“Let, therefore, the South be open to Negro emigration by emancipation along the Gulf,” he suggested, “and it is easy to see that the blacks of the North will slide southward, and leave no question to quarrel about as far as they are concerned.”

Chase was not the only radical in the Republican party who worried about the political consequences of the “Africanization” issue in the run-up to the fall 1862 elections. Even Governor John A. Andrew of Massachusetts, whose antislavery credentials had been amply demonstrated three years earlier when he had given tacit support of John Brown’s raid on Harper’s Ferry, became embroiled in the issue.

In September 1862, Major General John A. Dix wrote to the governors of three New England States asking them to accept into their States a group of two thousand ex-slaves who had sought refuge with the Union army. Governor Andrew responded with a strongly argued letter, soon leaked to the public, in which he explained that Massachusetts was, for blacks, “a strange land and climate” in which the newcomers would “be incapable of self-help – a course certain to demoralize them and endanger others.’ Such an event would be a handle to all traitors and to all persons evilly disposed.”

With timing that was appalling for the [Lincoln] administration, the black migration issue became a crisis in Illinois at about the same time the preliminary Emancipation Proclamation was issued. The army had been sending refugee slaves to the military headquarters at Cairo – the southernmost town in Illinois. Secretary of War Stanton issued an order allowing these freedmen to be dispersed throughout the State.

This appeared to violate the State’s “Negro Exclusion” law and which was certainly anathema to mainstream public opinion. One Republican wrote to Governor Richard Yates that “the scattering of those black throngs should not be allowed if it can be avoided. The view . . . here is that if the country should become full of them they may never be removed and with the confirmed prejudices and opinions of our people against the mingling of blacks among us we shall always have trouble.”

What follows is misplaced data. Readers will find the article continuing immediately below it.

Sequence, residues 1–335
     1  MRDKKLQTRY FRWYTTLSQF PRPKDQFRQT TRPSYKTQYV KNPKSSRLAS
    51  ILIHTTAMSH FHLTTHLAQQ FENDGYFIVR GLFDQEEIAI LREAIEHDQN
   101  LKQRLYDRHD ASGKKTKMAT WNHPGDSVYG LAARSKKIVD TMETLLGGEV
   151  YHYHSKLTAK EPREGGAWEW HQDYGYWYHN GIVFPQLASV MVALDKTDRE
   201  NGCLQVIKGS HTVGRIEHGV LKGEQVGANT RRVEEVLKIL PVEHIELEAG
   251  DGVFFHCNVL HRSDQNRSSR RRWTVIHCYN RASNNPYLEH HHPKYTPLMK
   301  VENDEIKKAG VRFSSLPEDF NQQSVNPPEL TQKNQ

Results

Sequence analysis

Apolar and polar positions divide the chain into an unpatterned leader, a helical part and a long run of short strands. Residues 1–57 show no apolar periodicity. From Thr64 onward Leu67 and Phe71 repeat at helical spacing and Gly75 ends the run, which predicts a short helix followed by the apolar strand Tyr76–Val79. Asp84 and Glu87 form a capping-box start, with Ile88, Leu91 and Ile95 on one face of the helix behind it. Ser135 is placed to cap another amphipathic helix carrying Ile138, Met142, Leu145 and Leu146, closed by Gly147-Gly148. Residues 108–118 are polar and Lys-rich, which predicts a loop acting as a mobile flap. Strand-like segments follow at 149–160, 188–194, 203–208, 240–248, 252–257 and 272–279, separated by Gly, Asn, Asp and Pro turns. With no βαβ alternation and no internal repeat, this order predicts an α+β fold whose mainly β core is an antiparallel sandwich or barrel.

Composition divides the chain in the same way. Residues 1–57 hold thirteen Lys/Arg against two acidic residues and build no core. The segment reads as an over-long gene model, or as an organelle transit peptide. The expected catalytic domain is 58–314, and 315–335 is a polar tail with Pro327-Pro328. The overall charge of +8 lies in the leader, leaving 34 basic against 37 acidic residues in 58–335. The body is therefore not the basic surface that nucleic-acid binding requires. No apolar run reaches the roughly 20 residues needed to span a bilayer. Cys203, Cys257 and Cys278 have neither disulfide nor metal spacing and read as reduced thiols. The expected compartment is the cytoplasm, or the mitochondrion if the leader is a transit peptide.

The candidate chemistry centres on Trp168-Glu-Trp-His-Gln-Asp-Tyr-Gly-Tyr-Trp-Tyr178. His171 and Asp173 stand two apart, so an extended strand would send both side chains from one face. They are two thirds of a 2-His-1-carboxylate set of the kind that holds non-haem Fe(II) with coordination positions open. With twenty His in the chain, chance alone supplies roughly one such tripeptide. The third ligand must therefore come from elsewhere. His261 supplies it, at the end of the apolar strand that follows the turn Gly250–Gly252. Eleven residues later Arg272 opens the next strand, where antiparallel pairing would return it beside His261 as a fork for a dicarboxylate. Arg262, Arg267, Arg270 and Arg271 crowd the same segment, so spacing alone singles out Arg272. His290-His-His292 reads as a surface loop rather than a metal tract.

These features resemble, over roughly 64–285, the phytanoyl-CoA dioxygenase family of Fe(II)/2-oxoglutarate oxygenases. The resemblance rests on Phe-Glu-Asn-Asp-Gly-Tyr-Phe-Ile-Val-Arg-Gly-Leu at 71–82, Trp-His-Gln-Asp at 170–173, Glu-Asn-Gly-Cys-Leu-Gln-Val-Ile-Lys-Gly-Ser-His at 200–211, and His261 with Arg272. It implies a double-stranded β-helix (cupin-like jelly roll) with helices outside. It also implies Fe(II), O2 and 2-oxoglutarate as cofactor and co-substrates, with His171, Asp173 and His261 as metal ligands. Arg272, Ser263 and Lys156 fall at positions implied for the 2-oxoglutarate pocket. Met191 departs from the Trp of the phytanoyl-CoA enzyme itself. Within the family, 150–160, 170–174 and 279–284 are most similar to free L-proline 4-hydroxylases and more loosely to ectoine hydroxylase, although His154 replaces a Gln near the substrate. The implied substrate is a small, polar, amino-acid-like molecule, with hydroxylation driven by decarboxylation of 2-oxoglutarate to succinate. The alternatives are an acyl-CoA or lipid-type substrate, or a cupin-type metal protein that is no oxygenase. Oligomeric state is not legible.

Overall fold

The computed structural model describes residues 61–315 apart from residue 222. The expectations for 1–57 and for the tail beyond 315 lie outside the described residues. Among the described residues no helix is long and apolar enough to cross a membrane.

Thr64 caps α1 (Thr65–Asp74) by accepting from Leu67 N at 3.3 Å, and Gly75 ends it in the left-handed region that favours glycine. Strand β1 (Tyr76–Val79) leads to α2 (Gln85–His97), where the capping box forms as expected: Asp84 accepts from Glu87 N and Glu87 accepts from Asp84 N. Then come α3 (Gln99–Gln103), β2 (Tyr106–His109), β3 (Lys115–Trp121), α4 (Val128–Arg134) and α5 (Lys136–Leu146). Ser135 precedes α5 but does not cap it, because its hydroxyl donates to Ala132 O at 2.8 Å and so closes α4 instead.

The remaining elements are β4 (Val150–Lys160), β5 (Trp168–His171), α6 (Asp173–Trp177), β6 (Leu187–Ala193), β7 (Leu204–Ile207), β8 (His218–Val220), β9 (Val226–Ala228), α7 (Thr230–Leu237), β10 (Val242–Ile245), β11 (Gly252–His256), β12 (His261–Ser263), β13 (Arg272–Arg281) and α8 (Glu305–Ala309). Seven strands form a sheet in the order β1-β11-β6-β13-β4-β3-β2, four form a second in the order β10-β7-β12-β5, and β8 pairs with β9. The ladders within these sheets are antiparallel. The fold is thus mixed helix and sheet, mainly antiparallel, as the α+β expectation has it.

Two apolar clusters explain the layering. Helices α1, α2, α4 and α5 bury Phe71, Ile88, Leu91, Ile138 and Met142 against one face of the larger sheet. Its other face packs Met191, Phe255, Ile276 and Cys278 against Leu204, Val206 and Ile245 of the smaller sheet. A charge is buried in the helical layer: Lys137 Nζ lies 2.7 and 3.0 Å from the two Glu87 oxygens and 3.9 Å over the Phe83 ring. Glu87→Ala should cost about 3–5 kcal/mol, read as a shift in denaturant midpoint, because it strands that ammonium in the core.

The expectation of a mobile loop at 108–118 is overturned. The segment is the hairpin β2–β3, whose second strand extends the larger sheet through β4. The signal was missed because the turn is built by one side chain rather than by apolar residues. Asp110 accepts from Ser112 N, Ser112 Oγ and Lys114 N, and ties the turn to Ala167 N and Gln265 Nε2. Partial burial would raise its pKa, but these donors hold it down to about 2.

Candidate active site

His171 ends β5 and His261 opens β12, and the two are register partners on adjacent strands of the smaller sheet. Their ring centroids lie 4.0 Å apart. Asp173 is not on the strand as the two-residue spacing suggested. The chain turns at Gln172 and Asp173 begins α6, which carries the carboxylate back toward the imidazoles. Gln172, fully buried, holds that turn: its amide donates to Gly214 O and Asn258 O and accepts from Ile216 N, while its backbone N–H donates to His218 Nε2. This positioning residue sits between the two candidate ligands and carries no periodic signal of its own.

(No Party Now, Politics in the Civil War North, Adam I.P. Smith, Oxford University Press, 2006, pp. 54-56)

Weakening the Forces of the Rebellion

Lincoln’s followers emulated Virginia’s Royal Governor Dunmore’s rationale for emancipating slaves in 1775, that is, to fight against an independence movement by colonists and deprive them of agricultural labor. Northern radical Republicans such as Henry Wilson of Massachusetts, wanted to liberate slaves in Southern States where they could not reach them, but did not free the property of slave holders loyal to Lincoln.

Bernhard Thuersam, www.Circa1865.com

 

Weakening the Forces of the Rebellion

“When the Rebellion culminated in active hostilities, it was seen that thousands of slaves were used for military purposes by the rebel forces. To weaken the forces of the Rebellion, the Thirty-seventh Congress decreed that such slaves should be free forever.

As the Union armies advanced into the rebel States, slaves, inspired by the hope of personal freedom, flocked to their encampments, claiming protection against rebel masters, and offering to work and fight for the flag whose stars for the first time gleamed upon their vision with the radiance of liberty.

To weaken the power of the insurgents, to strengthen the loyal forces, and assert the claims of humanity, the Thirty-seventh Congress enacted an article of war, dismissing from the service officers guilty of surrendering these fugitives [to rebel masters].

The hoe and spade of the rebel slave were hardly less potent for the Rebellion than the rifle and bayonet of the rebel soldier. Slaves sowed and reaped for the rebels, enabling the rebel leaders to fill the wasting ranks of their armies, and feed them.